Do you feel like staying in bed forever, banging your head on the wall sometimes, or freak out because the bad news of the COVID-19 seems to have no end?
These are challenging times, you switch on the television or visit your favorite website, and the news is devastating. There are more deaths every day; new infections are on the rise, and there are more than 40 million cases worldwide. Not to mention that healthcare systems are reaching their limits; most countries are on lockdown while friends and family are cutting off contact with each other.
Below are some tips for staying positive during the COVID-19 pandemic
Get the Best Out of Media
News keeps us informed of what is happening around us. While it can be hard to avoid listening to how devastating the coronavirus pandemic is, limit the news intake to approximately 20 minutes a daily. Avoid being wrapped in news coverage that heightens anxiety. Instead, you can use media to learn a new skill, watch a comedy or funny videos whenever you feel gloomy.
While it is easy to dwell on the negative during these challenging times, starting a gratitude practice can offer incredible benefits. Researchers have found out that cultivating a daily gratitude practice is associated with better sleep, reduced stress and anxiety, and healthy relationships. You can schedule a specific time daily to write five things you are excited and grateful for. If you are not much into journaling, you can try a gratitude app to help you reflect on your daily highlights.
Stay Physically Active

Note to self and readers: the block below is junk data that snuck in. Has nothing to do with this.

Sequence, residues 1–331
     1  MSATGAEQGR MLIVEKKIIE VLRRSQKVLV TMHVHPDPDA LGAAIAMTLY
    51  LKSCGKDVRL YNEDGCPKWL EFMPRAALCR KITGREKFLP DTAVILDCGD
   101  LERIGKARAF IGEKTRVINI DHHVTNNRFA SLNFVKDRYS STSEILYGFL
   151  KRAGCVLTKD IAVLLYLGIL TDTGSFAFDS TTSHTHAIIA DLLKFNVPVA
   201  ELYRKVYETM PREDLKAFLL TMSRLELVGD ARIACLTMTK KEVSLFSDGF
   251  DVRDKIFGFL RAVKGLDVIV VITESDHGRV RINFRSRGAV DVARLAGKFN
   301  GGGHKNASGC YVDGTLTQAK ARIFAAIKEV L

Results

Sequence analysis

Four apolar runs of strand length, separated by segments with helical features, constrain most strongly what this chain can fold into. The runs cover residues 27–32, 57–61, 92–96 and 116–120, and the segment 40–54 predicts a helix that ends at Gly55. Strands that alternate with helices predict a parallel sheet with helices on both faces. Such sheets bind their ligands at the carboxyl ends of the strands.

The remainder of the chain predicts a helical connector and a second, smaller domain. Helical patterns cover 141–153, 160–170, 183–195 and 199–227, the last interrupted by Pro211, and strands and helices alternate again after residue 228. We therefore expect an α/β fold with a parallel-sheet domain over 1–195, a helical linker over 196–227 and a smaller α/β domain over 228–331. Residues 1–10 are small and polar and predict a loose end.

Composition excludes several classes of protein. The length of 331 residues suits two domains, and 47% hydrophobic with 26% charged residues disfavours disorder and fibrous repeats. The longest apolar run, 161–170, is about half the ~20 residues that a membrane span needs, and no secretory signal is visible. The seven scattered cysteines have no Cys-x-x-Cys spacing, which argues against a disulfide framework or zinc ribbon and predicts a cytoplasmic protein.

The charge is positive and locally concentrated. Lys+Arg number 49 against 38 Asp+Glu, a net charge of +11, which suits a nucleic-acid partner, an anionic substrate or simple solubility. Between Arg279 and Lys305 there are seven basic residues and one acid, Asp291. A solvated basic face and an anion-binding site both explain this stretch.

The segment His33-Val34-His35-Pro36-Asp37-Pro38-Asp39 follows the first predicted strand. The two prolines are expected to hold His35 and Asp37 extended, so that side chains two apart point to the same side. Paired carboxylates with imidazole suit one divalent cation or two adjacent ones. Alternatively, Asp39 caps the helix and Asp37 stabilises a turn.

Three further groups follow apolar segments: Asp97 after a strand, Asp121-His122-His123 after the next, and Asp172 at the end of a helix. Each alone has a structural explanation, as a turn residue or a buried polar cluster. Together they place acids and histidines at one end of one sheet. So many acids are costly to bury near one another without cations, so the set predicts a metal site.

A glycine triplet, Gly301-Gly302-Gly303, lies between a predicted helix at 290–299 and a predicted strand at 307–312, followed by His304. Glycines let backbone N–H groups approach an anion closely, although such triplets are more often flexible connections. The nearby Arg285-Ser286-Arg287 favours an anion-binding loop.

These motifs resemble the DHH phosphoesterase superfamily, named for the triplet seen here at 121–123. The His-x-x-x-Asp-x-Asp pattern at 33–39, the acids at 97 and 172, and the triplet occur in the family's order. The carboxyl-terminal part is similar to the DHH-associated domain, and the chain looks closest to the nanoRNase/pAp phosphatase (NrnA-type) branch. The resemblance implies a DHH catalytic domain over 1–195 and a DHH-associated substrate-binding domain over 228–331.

Exercise boosts the production of happy hormones such as endorphins and serotonin (a neurotransmitter that regulates your behavior and mood). The happy hormones help to reduce stress & anxiety levels, improve overall mental health, trigger positive feelings in the body, and enhance cognitive functions such as memory, attention, and decision making.
Therefore, indulge in some form of physical activity like a yoga session, home workout, a dance session, or a jog within your building premises.
Develop A Routine
It is indispensable to build a new routine during COVID 19 pandemic. Creating a routine can improve efficiency, reduce procrastination, build self-confidence, give a smooth flow to your day, and alleviate stress. Schedule a time for important activities like waking up, exercising, working on a project, having your meals, learning a skill, and sleeping. You can also write a TO-DO list, set short-term goals, and strive to accomplish them each day.
Once you achieve your goals, you can reward yourself with a bubble bath or favorite food. This will lift your mood and have you excited to accomplish the next milestone.
Get some Sun
Inadequate exposure to sunlight leads to a deficiency in Vitamin D, and it triggers a type of depression called Seasonal Affective Disorder (SAD). Exposure to sunlight boosts immunity, helps you generate Vitamin D, and helps the brain produce serotonin hormone, improving mood. A serotonin deficiency can lead to negative thoughts, irritability, sleeping disorders, and low energy.
So, aim to stay in the sunlight at least 20 minutes a day because it is vital for your mental, physical, and emotional well-being. You can choose to sit at the side of your house, which gets the most sunlight, but if you decide to go outside, always follow social distancing rules and wear a mask.
Practice Random Acts of Kindness
Psychologically, random acts of kindness make us feel emphatic, compassionate, and grateful. Acts of kindness can increase serotonin, happiness, pleasure, and energy. Additionally, it helps us release oxytocin (the love hormone), giving us a sense of belonging. Researchers have found out that kindness can help decrease depression, anxiety, pain, and stress. Some ideas for random acts of kindness can include:
- Sending a handwritten note to a friend.
- Sending a letter or calling a person you haven’t spoken to in a while.
- Helping your friend get active.
- Feeding strays in your locality.
- Offering groceries to a person in need.
- Donating face masks.
- Delivering care packages in support of the veterans, military, and first respondents.
- Giving free advice to impacted businesses like gyms, restaurants, nail salons, bars, and other organizations that have been impacted by the pandemic.